NHL 2K3 (PS2)

NHL 2K3 (PS2)

Written by Charlie Sinhaseni on 12/1/2002 for PS2  
More On: NHL 2K3 (PS2)
This year at the Olympics the Canadians showed the world why they should never take pity upon them. It’s been forever and a day since the Winter Olympics and yet they still continue to brag about how excellent their hockey team is. See Canada? See why we never throw you a bone? Because you never know when to shut up and be thankful. If Canada needs a lesson on to be humble about their success than they should look no further than Sega Sports and their consistently excellent Sports lineup. The reigning champions of sports games just continues to deliver quality title after quality title and all the while, handling their success in a very modest manner, a true sign of a champion.

Carrying the torch that was built by NFL2K and ignited by NBA2K, NHL 2K3 successfully continues the company’s tradition of producing quality titles. 2K3 plays just as you would hope and expect a high quality title to play, it’s fast, it’s furious and best of all, it’s realistic. Realistic and entertaining? You may think that’s impossible but if that’s your train of thought, you obviously haven’t played a Sega Sports title.

Last year’s game was an excellent hockey game that went heavily unappreciated mainly due to the small exposure that it received on the now defunct Dreamcast. Now the series has been brought over to a highly visible platform and has been given some room to shine and boy, is it ever so bright.

Powered by ESPN, this year’s game takes hockey games to a whole new level with tight gameplay and some impressive innovations. You’ll have all sorts of strategies and moves at your disposal in your quest to ignite the twine. You’ll be able to deke, saucer pass and dump your way into the opponent’s zone. Basically everything that you see in real life has been beautifully recreated here. There’s even an excellent board game where you can actually pin your opponents against the boards as you fight to move the puck out of the corner. I’ve always wished that someone would finally create a realistic game along the boards, this is the culmination of my wishes.

Like the other Sega Sports franchises you’ll have your usual assortment of modes. This means exhibition, season, playoffs, franchise and tournament play. All of the modes function just as you would expect, exhibition allows you to pit two teams against each other, season allows you to play a full season, playoffs is for those who are impatient and want to get to the cup and franchise allows you to play for multiple seasons. As with the other Sega games, you can also participate in the Sega Sports Challenge.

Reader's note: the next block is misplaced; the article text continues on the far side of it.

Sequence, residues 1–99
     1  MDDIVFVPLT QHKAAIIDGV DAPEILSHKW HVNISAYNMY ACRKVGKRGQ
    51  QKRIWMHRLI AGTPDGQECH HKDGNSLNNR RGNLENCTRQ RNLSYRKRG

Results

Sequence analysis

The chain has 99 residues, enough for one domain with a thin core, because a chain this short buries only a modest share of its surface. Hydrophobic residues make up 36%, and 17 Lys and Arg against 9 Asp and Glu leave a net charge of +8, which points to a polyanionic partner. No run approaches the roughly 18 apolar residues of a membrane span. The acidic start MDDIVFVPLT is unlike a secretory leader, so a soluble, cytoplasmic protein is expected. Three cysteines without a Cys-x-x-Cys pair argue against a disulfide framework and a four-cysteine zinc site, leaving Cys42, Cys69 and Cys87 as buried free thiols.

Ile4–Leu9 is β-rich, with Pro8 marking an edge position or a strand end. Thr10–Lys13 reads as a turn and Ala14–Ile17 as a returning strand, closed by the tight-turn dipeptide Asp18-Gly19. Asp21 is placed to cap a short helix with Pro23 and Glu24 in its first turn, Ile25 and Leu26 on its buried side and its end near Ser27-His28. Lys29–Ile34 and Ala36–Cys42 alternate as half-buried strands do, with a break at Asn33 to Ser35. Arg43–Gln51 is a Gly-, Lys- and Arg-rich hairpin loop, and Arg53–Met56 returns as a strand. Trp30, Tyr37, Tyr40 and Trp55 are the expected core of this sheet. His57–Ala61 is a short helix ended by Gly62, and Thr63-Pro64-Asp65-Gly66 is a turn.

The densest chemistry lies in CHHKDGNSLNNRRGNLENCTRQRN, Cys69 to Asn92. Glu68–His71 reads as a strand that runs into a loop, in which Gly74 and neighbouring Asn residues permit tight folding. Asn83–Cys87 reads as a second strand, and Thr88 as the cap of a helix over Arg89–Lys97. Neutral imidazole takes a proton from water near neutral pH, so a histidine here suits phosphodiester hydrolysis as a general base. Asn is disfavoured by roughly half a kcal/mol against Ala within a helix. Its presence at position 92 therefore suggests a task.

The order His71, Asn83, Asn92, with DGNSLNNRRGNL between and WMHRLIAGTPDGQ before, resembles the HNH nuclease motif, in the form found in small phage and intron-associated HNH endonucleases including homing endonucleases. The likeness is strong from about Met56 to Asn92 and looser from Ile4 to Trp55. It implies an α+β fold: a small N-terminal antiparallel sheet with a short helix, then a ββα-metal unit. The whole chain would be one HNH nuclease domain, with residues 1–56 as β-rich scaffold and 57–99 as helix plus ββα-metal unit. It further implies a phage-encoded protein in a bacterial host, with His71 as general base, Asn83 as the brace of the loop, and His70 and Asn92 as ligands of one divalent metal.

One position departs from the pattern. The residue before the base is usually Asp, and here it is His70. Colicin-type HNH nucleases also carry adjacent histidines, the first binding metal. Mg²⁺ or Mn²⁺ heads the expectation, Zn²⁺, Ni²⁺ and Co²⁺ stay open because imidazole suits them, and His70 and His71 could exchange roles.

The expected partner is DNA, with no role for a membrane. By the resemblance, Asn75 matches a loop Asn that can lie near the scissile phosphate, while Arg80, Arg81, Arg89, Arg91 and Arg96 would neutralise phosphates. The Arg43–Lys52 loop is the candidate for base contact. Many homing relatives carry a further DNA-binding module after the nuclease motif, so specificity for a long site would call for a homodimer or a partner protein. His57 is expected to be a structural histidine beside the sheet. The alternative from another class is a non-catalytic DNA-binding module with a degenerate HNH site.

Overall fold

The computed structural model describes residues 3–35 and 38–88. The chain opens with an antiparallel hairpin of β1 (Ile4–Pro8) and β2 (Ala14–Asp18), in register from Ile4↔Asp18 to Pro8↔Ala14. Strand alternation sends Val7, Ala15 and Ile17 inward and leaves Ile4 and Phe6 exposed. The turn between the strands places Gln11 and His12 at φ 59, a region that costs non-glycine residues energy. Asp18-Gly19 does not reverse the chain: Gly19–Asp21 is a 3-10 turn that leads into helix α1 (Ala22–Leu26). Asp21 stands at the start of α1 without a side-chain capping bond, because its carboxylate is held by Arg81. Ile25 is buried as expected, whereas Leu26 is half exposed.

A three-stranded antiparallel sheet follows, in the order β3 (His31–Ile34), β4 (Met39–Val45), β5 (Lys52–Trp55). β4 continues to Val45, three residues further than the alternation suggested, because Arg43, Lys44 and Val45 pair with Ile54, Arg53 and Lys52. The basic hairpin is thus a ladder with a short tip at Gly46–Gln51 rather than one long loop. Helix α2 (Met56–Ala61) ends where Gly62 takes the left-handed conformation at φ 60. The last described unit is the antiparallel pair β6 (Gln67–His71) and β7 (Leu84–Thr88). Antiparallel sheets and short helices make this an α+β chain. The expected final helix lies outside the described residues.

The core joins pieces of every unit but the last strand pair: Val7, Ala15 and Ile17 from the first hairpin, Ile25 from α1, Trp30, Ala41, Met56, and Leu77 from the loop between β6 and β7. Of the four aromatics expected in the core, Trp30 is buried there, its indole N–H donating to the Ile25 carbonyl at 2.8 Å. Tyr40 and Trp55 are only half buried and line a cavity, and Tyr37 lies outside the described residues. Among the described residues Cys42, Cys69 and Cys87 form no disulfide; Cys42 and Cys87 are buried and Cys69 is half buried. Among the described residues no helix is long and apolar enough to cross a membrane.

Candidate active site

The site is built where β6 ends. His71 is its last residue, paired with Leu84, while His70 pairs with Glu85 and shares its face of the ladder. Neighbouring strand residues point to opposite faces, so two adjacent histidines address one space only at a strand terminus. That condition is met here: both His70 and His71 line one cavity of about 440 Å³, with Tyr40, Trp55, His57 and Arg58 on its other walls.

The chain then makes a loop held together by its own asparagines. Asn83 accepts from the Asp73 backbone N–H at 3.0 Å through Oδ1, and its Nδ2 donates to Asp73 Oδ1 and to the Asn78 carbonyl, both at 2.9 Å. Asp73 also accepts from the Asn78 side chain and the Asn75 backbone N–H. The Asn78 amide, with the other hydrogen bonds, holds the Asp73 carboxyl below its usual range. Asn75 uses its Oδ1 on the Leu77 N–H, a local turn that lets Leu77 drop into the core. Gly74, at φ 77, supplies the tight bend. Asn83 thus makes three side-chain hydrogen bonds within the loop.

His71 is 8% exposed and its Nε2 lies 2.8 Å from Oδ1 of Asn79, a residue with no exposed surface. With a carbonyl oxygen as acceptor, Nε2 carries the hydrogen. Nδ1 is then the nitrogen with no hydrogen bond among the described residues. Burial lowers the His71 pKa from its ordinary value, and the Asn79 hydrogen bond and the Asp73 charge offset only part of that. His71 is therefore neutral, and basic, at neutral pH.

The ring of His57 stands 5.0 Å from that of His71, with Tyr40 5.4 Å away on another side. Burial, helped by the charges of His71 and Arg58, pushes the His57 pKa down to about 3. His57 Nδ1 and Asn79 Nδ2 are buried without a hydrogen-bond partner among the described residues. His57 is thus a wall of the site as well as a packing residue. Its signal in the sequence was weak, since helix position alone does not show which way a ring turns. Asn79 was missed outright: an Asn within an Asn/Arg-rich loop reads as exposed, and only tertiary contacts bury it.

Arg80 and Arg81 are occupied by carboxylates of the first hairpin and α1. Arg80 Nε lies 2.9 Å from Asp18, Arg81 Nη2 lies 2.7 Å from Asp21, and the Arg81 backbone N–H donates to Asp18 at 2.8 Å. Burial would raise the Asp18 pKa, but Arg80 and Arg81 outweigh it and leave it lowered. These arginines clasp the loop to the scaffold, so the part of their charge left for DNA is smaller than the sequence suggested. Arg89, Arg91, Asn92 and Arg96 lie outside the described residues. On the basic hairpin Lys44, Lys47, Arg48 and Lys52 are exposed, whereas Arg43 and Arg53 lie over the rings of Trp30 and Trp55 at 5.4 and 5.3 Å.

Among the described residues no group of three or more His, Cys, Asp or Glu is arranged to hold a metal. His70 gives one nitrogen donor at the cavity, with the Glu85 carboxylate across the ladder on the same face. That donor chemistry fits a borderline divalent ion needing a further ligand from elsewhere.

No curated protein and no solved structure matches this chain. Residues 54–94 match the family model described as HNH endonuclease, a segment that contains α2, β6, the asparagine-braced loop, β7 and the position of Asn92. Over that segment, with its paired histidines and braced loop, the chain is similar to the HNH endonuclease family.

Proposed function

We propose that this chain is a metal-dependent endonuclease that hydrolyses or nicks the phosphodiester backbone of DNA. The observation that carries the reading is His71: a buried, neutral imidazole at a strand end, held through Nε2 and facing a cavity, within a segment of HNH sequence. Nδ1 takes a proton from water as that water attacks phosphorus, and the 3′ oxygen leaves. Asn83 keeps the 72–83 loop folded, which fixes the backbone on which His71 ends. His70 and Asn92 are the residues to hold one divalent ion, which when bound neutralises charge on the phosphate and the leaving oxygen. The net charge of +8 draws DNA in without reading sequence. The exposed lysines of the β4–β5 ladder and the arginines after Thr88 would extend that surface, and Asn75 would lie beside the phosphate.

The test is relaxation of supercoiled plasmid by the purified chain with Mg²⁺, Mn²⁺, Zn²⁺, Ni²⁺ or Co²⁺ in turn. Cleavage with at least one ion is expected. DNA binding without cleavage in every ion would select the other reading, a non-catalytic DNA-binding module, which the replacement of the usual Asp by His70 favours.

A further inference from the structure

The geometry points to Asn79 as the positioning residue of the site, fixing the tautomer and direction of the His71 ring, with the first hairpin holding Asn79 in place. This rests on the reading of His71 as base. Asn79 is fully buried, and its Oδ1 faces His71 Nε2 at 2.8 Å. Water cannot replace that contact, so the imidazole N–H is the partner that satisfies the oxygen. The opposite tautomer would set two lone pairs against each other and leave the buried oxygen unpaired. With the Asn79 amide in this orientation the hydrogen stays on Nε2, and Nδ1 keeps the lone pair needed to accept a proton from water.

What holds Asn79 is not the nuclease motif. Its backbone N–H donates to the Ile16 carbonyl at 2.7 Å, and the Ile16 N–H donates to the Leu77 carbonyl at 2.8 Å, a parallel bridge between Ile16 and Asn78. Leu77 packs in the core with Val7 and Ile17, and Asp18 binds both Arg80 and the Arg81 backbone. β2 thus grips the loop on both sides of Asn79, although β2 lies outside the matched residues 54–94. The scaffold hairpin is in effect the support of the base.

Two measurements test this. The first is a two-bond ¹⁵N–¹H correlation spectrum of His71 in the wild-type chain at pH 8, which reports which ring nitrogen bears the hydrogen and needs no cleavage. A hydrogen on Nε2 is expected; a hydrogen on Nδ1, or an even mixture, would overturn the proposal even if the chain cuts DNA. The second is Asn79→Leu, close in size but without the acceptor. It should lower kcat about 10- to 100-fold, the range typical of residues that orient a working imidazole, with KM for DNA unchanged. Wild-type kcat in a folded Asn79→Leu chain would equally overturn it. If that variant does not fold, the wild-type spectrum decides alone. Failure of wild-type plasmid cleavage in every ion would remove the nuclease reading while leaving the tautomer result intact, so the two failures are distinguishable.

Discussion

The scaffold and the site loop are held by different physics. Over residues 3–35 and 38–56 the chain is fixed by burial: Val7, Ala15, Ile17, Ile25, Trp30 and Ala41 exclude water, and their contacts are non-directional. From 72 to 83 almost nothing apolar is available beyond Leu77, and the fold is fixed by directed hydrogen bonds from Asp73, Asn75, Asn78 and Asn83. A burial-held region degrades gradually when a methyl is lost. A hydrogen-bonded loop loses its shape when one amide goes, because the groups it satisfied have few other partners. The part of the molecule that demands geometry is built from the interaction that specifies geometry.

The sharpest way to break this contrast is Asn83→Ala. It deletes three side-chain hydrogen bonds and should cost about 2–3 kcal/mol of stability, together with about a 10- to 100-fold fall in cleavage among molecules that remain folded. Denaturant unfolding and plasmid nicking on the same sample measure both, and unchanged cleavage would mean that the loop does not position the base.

If you’re a fan who enjoys pure and unadulterated hockey then you’ll want to jump right into the franchise mode. You’ll be able to take full control of your favorite team, signing players, honoring contracts and managing the team as you please. I found this mode to be the most enjoyable as I transformed my Los Angeles Kings into Stanley Cup Champions. I made a few trades, throwing Heinz and Smolinski to the Rangers in return for Bure; I was able to build a powerful offensive juggernaut.
I just wish the presentation in this mode were done a little better, shades of NFL 2K3 would have been nice. I especially wish that there was a weekly wrap-up that would tell me about the happenings around the league. I felt that information such as injuries occurring around the league were too difficult to dig up. I’d also like to know how my opponents are doing, what the weekly wrap-up did for NFL 2K3 was it made me interested in knowing how the rest of the league was doing. In NHL I often felt that I was alone and the only team worth knowing about was mine. This sounds like a perfect situation to incorporate a bit of NHL2Night or Sportscenter.

Presentation qualms aside, this is the best gameplay of any hockey title this year. The on-ice action unfolds quite beautifully thanks to some superb animation. Each player is composed quite nicely, featuring plenty of nice little transitional animations to help piece the action together. You don’t just see a player transition from a back state to a sprint instantaneously, you’ll see him pivot, turn around, accelerate and then proceed into a sprinting motion. The animation is just superb, fully replicating the look and feel of the sport. The game generally tends to move quite quickly however, thankfully you have the replays to slow down the action and give you a little glimpse into the masterful work.

Maneuvering your players is quite simple as well thanks to the excellent layout of the Dual Shock 2. The left stick controls your player, the right stick is mapped out to help with line changes and in-game strategies, the x button passes, the square shoots, L2 and R2 sidesteps, circle sprints, triangle dekes and dumps the puck into the zone and the right button lets you go freestyle as you can maneuver the puck at your own discretion. There are an awful lot of moves here and those are only the offensive ones, you can do some excellent things like get down on your knees to block a shot or leap forward and sweep the ice with your stick in a desperate lunge at the puck. These moves aren’t just for aesthetics either, you’ll be using each and every single one throughout the course of gameplay.

One of the nicest ideas to come along in quite some time was the mapping of the line changes to the right analog stick. Tapping up on the stick lets you change the offensive line (the front 3 players) while tapping down lets you selected the defensive line. Tapping to the left and the right lets you select and change your strategy on the fly. I felt that this was one of the nicest innovations to this year’s game as it let you change lines without cluttering up the controls.